Cystic fibrosis (CF) is a genetic disorder in which the secretory glands (those responsible for secretions, like mucus or sweat) don’t function properly. The mucus produced is too thick, plugging tubes and causing serious issues in the respiratory and digestive systems, like chronic coughing or an inability to absorb nutrients.
While CF was once a death sentence for many, today there are not only several types of therapy for symptomatic treatment, but recent breakthroughs also go directly to the source of the problem. There is no standard treatment method, because every case of cystic fibrosis is different. There are, however, several methods of dealing with the underlying issues that cause larger issues.
The goal of airway clearance is to break up and dispel mucus buildup in the lungs, thereby easing breathing and decreasing infections. Younger children may need help to perform these, but older members of the CF population can usually do them on their own. There are a variety of techniques, and different ones may be more appropriate for different people. Regardless, they must be done on a consistent basis to improve lung function.
Percussion and postural drainage requires the assistance of a caretaker; the person with CF assumes a particular position while the helper cups their hand and claps the chest wall, creating a vaccuum that loosens mucus so it can be coughed up. One of the easier, more independent techniques involves high frequency chest compression. With it, a vest attached to an air compressor inflates and vibrates the chest, similarly loosening excessive mucus. The Cystic Fibrosis Foundation’s studies found that the effectiveness of any one technique is largely dependent upon the patient, but that any is better than none.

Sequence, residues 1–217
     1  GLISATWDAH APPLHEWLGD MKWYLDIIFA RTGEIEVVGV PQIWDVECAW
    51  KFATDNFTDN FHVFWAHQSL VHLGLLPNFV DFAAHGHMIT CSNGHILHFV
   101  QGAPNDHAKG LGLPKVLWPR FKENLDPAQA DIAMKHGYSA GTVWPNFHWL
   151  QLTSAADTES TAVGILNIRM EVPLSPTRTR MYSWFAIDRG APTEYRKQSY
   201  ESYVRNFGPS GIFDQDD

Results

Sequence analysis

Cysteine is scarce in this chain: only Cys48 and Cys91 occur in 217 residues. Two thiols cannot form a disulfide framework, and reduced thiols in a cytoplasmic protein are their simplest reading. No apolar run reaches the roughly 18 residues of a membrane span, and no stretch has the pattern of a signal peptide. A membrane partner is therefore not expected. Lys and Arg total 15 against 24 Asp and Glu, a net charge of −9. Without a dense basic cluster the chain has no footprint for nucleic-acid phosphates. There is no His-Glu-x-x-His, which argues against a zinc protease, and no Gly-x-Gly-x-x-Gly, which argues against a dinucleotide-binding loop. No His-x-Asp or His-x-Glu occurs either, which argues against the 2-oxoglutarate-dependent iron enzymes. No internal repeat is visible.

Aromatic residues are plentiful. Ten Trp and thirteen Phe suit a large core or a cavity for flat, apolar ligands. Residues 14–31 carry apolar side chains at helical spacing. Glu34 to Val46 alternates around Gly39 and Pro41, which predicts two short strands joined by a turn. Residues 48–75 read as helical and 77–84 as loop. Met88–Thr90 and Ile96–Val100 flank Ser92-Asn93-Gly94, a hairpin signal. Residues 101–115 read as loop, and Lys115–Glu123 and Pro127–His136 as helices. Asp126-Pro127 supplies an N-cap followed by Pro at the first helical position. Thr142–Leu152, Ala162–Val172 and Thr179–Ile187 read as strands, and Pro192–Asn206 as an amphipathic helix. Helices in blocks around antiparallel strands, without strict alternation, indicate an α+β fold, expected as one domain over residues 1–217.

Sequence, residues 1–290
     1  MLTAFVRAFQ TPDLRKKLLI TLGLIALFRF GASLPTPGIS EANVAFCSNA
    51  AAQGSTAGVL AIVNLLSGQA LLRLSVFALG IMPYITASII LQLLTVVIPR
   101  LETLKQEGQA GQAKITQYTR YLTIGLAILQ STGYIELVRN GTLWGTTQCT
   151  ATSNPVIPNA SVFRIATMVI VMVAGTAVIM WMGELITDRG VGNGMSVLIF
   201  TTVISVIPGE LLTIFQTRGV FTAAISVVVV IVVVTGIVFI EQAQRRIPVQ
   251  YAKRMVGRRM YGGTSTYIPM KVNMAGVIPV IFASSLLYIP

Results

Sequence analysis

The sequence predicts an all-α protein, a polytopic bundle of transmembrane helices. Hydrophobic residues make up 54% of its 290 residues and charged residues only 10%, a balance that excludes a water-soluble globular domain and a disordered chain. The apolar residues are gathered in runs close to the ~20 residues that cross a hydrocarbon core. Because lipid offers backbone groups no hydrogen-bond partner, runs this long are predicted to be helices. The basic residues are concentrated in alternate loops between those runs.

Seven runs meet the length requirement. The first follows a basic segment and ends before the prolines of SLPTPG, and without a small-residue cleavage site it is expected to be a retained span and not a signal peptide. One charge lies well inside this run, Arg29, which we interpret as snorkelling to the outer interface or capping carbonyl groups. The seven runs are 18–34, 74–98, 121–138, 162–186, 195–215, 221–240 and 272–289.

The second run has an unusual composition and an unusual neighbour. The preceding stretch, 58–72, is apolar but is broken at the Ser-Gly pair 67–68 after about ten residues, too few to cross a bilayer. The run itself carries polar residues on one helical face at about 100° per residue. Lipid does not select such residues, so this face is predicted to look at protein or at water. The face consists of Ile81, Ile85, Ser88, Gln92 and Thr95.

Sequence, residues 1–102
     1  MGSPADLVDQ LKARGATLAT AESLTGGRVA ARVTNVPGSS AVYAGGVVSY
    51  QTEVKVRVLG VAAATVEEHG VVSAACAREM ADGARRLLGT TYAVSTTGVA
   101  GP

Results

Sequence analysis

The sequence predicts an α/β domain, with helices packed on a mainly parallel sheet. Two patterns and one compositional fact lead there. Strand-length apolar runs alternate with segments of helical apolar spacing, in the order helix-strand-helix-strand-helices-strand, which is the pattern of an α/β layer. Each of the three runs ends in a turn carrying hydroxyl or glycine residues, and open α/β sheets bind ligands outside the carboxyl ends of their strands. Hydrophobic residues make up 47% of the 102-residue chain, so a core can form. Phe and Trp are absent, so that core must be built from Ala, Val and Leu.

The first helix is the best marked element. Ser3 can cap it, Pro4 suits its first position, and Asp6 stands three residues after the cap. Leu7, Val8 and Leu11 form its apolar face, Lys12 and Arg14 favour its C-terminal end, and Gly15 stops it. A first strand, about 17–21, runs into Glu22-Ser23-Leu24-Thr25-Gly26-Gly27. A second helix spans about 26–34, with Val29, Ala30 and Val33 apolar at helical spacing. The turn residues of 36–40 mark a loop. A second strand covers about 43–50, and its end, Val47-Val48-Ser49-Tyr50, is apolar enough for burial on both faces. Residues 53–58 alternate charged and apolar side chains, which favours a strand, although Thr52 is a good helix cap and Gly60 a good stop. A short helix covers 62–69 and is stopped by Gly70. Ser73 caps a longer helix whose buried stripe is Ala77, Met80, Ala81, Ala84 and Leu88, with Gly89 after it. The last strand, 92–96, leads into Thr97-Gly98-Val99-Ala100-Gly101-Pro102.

The chest compression vest is a favorite of many patients, as it allows additional medications to be used simultaneously, allowing for less time treating and more time living. A nebulizer allows liquid medication to be inhaled (like asthmatic patients use). These medications not only help improve lung function, but also generally include an antibiotic as well, to prevent the buildup of bacteria that is common in excessive, unmoving mucus. However, medication alone is not usually sufficient to treat the symptoms of cystic fibrosis.
Diet is an important aspect of cystic fibrosis. However, it doesn’t matter how well you eat if none of the nutrients are being absorbed. The pancreas sends enzymes to the small intestine to break down food and absorb vitamins and minerals. Excessive mucus in CF patients can prevent those enzymes, thus essential nutrients are not received, causing growth and weight gain issues. Many patients take a pancreatic enzyme supplement to improve that absorbtion every time they eat. A doctor may also recommend multivitamins and other nutritional improvisation.
According to the CFF, in 2012 a treatment was discovered that targets “the root cause of cystic fibrosis, a defective protein known as CFTR.” The cystic fibrosis transmembrane conductance regulator is actually altered by the treatment, letting salt, and bodily secretions thereby, move and release the way they should. This treatment in particular was a miraculous breakthrough that may add decades to a patient’s life.